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White Light / White Heat

The Velvet Underground

White Light / White Heat

...incongruous and inventive
UNI238 (Universal Music Group)
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Tracks: Listen and Download

Track Time Listen
1
White Light/White Heat

White Light/White Heat

Composer Lou Reed
Band The Velvet Underground
02:48 Play
2
The Gift

The Gift

Composer Lou Reed, John Cale, Sterling Morrison, Maureen Ann Tucker
Band The Velvet Underground
08:20 Play
3
Lady Godiva's Operation

Lady Godiva's Operation

Composer Lou Reed
Band The Velvet Underground
04:57 Play
4
Here She Comes Now

Here She Comes Now

Composer Lou Reed, John Cale, Sterling Morrison, Maureen Ann Tucker
Band The Velvet Underground
02:05 Play
5
I Heard Her Call My Name

I Heard Her Call My Name

Composer Lou Reed
Band The Velvet Underground
04:38 Play
6
Sister Ray

Sister Ray

Composer Lou Reed, John Cale, Sterling Morrison, Maureen Ann Tucker
Band The Velvet Underground
17:32 Play
Total Running Time 40 minutes
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In the wake of the more restrained 'Velvet Underground and Nico', 'White Light/White Heat' must have been a perplexing record to hear upon its release in January 1968. Nearly half a century later we're still trying to figure it out.

This album is licensed for download from Universal Music Group.

Download includes - cover art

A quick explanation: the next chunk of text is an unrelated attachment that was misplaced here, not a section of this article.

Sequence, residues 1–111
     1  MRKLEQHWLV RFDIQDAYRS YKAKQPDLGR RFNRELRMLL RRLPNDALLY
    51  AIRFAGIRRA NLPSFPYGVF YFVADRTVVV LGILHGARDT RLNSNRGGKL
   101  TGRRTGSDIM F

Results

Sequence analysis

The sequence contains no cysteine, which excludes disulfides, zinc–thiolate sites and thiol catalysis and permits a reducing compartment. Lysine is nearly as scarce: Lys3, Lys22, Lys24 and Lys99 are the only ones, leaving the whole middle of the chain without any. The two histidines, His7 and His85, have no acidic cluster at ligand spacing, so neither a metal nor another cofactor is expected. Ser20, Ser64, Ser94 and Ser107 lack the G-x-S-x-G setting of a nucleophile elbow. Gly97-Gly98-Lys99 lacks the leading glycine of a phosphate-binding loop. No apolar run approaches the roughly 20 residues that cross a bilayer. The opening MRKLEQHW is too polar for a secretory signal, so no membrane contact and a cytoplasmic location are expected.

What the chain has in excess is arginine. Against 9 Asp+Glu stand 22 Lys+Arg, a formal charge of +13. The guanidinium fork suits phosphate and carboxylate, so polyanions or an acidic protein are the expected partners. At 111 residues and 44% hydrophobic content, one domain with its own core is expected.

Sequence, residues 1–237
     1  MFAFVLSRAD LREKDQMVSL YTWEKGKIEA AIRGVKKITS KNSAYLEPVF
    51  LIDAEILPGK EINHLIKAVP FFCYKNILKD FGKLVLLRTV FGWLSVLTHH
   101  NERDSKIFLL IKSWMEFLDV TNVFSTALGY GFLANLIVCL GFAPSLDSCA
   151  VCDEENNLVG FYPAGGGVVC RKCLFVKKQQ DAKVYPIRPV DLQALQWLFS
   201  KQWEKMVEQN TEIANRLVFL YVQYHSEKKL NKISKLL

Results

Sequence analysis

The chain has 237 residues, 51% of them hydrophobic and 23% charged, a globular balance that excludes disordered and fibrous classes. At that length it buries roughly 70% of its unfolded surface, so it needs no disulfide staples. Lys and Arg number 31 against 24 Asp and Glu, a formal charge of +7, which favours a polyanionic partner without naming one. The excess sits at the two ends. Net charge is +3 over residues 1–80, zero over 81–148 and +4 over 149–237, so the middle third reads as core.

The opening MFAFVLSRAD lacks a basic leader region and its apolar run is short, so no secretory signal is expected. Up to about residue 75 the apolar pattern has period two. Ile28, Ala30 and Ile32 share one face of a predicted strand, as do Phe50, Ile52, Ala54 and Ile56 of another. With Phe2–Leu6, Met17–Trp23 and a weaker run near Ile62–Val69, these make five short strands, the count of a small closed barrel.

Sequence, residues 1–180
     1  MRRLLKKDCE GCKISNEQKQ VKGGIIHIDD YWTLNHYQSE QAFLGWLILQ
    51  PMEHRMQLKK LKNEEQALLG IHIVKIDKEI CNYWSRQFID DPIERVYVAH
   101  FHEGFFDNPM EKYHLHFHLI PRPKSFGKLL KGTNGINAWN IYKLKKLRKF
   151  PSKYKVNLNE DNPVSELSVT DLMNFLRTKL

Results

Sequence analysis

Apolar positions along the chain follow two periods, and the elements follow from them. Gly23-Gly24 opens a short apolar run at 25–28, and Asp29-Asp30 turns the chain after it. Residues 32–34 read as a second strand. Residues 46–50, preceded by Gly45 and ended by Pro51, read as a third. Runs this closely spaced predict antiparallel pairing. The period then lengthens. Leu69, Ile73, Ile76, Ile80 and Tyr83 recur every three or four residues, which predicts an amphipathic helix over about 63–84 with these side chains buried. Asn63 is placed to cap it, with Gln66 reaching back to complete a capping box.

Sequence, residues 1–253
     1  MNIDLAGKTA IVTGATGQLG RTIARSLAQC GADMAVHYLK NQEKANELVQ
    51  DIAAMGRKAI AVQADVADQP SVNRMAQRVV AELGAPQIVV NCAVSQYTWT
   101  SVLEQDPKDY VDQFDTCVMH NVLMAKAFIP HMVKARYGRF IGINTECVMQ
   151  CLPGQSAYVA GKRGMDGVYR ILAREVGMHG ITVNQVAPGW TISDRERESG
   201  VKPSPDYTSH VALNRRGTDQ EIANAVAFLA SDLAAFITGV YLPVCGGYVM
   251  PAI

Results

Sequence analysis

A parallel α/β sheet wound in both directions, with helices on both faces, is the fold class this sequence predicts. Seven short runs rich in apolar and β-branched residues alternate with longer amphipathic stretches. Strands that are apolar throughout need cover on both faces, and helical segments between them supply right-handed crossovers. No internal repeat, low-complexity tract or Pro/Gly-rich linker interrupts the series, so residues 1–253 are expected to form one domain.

The album covers six songs in 40 minutes, and though it starts with its catchy title track, right away we know something is different on this album. The back and forth vocals seem to mix the cool of the first record with Reed's R&B fascination, yet the guitars crunch wildly, the keys strike like snakes, the cymbals crash like shattering glass. It's a perfect pop song couched in punk thrills, a kind of furious energy that borders on formless but never quite unravels. It sets up later moments on the record, but not all the same. We can draw lines to the guitar lunacy of 'I Heard Her Call My Name', but also to the faintly tense repetition of 'Here She Comes Now', or even the twanging of riffs and rumbling drums on 'Lady Godiva's Operation'.

These are the recognized tracks on the record, the more approachable moments wrapped around the difficult story-song 'The Gift' and the massive noise-jam of 'Sister Ray'. But it's these other moments that might better represent where the record broke from its predecessor, and how tensions within the band shaped this album. Reed and John Cale were struggling for control creatively, and Cale would leave soon after this record, but the competition inherent in the band makes them thrive here. The juxtaposition of Cale's sweet Welsh accent and gauzy singing to Reed's bleating sneer on 'Lady Godiva's Operation' is perfect. When Reed steps in halfway through the song to let us know that the nurse Cale is singing about is thinking "sweetly", it turns that word and the song in its ear, as the perfect hooks tumble into a harrowing mash-up of sounds. Reed twists the melodies in his mouth, spitting them out sideways, meshing Cale's avante-garde leanings with his own.

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